In two experiments, the upper forelimb muscle movement of the mice was monitored by electromyography (EMG) as described previously.6,10 Mice were anesthetized with an intraperitoneal injection of a ketamine cocktail (ketamine , xylazine ). An LED stimulator was programmed to generate a 50-ms photopulse and mounted on the right side of aM1 [Fig. 7(a), LED1]. EMG activity was amplified () and bandpass filtered (100 Hz to 3 kHz) using a Lynx-8 amplifier (Neuralynx, Bozeman, Montana) and digitized at 10 kHz using customized software written in LabView (National Instruments Japan Co., Tokyo, Japan). Data were analyzed using MATLAB® software (MathWorks, Natick, Massachusetts).
Recording the Movements of Mice
Operated Thy1-ChR2-YFP mice () were individually put in a soundproof isolation box (O’Hara & Co., Ltd., Tokyo, Japan) and their activity was recorded with a video tracking system (ANY-maze, Stoelting Co., Wood Dale, Illinois) at 30 frames per second. The LED stimulator was programmed to generate 50-ms photopulses for 2 s at 10 Hz. The 2-s pulse train to the right or left LED was presented in alternating fashion at 1-s intervals [Fig. 4(a); Video 1]. A montage photograph was generated from video images with the Make Montage function of ImageJ software (NIH, Bethesda, Maryland).
The animals were fixed with an intracardiac perfusion of 4% paraformaldehyde in 0.1 M phosphate buffer (pH 7.4) under diethyl ether anesthesia after the behavior experiments. To examine the positions of the implanted LEDs, transverse brain sections were obtained in a cryostat (Leica CM1850, Solms, Germany) and subsequently stained with cresyl violet (Merck Ltd., Tokyo, Japan).
Analysis of Light Intensity
After fixation of the animals as described in Sec. 2.7, the parietal bones of adult (six months old) and young adult (seven weeks old) mice were collected. The parietal bones were fixed overnight, washed with phosphate-buffered saline (–), and dried. The output power of a small LED attached to the LED stimulator was measured directly and through the parietal bones by an optical power and energy meter (PM100D, Thorlabs Japan Inc.). White paper that was illuminated by the small LED directly and through the parietal bone of the adult mouse (6 months old) was digitized with a PowerShot G7 camera (shutter speed ; F8.0; Canon, Tokyo, Japan). The contour of light intensity in the images was calculated with code written in MATLAB®.
Small LED Coupled to an Optical Fiber
Both ends of a plastic optical fiber (POF; 1 mm in diameter; ESKA, Mitsubishi Rayon Co., Ltd., Tokyo, Japan) were heated and softened, and then pushed against a mirrored surface to flatten the ends. One end of the POF was attached to the center of a small LED (470 nm; LP-1608H183BC, LED-Paradise) by soldering with polyurethane-coated copper wire (0.2 mm in diameter; Sunco Co., Kyoto, Japan) and bonding to the small LED with epoxy adhesive.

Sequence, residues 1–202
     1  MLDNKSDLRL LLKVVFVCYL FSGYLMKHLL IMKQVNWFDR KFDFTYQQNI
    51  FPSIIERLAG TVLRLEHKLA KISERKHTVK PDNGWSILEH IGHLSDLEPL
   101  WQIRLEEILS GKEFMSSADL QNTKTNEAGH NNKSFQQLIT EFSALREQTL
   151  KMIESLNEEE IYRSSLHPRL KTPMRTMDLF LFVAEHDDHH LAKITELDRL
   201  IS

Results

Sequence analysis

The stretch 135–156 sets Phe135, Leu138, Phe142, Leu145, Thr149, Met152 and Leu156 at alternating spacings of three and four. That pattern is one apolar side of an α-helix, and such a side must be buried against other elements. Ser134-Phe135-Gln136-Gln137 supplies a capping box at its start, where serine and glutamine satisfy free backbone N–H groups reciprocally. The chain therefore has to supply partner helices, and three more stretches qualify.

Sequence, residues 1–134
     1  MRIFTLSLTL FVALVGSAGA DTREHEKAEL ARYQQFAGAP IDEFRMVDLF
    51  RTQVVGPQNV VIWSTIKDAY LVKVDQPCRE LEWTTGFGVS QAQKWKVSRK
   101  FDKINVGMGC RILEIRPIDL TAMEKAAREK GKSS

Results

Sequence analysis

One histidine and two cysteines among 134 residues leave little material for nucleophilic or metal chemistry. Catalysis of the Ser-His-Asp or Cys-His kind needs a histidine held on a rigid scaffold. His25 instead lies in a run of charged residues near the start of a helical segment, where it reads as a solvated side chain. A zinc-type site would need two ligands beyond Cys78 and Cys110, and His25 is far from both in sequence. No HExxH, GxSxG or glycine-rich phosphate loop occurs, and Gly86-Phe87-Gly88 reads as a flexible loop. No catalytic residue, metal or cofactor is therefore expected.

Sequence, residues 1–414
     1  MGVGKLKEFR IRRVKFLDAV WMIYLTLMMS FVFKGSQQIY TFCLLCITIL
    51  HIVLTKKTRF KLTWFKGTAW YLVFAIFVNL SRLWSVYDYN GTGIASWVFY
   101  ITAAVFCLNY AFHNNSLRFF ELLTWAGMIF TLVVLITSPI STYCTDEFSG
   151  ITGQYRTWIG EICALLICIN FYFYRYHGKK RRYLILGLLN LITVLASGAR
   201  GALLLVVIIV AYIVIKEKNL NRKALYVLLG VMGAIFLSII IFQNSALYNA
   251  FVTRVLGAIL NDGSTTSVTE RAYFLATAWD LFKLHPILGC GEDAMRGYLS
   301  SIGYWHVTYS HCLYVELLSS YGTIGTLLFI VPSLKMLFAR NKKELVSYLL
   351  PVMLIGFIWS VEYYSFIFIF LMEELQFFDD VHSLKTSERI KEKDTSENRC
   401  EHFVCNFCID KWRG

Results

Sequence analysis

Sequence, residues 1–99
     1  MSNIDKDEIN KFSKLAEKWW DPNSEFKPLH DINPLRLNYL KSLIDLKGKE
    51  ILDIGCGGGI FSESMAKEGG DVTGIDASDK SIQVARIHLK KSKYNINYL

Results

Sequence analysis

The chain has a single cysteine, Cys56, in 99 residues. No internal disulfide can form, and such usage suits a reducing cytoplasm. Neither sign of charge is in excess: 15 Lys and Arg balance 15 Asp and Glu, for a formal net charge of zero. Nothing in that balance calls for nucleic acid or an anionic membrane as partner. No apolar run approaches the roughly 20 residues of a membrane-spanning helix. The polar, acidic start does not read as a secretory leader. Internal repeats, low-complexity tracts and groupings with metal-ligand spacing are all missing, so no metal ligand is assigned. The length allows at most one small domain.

Small LED Enclosed in a Glass Pipette
A small LED (470 nm; LP-1608H183BC, LED-Paradise) was soldered with polyurethane-coated copper wire (0.2 mm in diameter; Sunco Co.). The wired small LED was inserted into a glass pipette (outside diameter: 1.5 mm, internal diameter: 0.86 mm; Warner Instruments, LLC, Hamden, Connecticut). The tip of the glass pipette was closed by heating before insertion of the LED.
Description of the Wireless LED-Stimulating System
We developed a wireless LED-stimulating system for optogenetic molecules. This system was composed of three devices: an IR transmitter (Fig. 1), LED stimulator [Figs. 3(a) to 3(c)], and small LEDs attached to plugs [Figs. 3(d) and 4(c)]. The LED stimulator was connected via a mechanical connection to the plugs of implanted small LEDs [see Fig. 4(d)]. The LED stimulator generated photopulses to control a localized brain region of a freely moving Thy1-ChR2-YFP transgenic mouse.
IR pulses from the IR transmitter reached the LED stimulator from distances as far as 15 m. The illuminating angle of the internal IR LEDs was at a distance of 10 cm from the internal LEDs, but it was reduced to 69 deg at a distance of 2 m from the internal LEDs. Therefore, the IR transmission is directional. If there is no obstruction of IR transmission in the experimental field (e.g., an open field), the internal IR LEDs covered the whole area within a 1.37-m radius from a distance of 2 m. If there are objects in the experimental field (e.g., running wheel, nest, dark box, maze, or apparatus used in the three-chamber social test), they obstruct IR signaling between the IR transmitter and LED stimulator. The multiple IR LEDs overcome this problem because they can be arranged to transmit IR signals from any angle, at all corners of a maze, and to the inside of an object in the experimental field. In addition, IR signals generated by the multiple IR LEDs do not interfere with each other.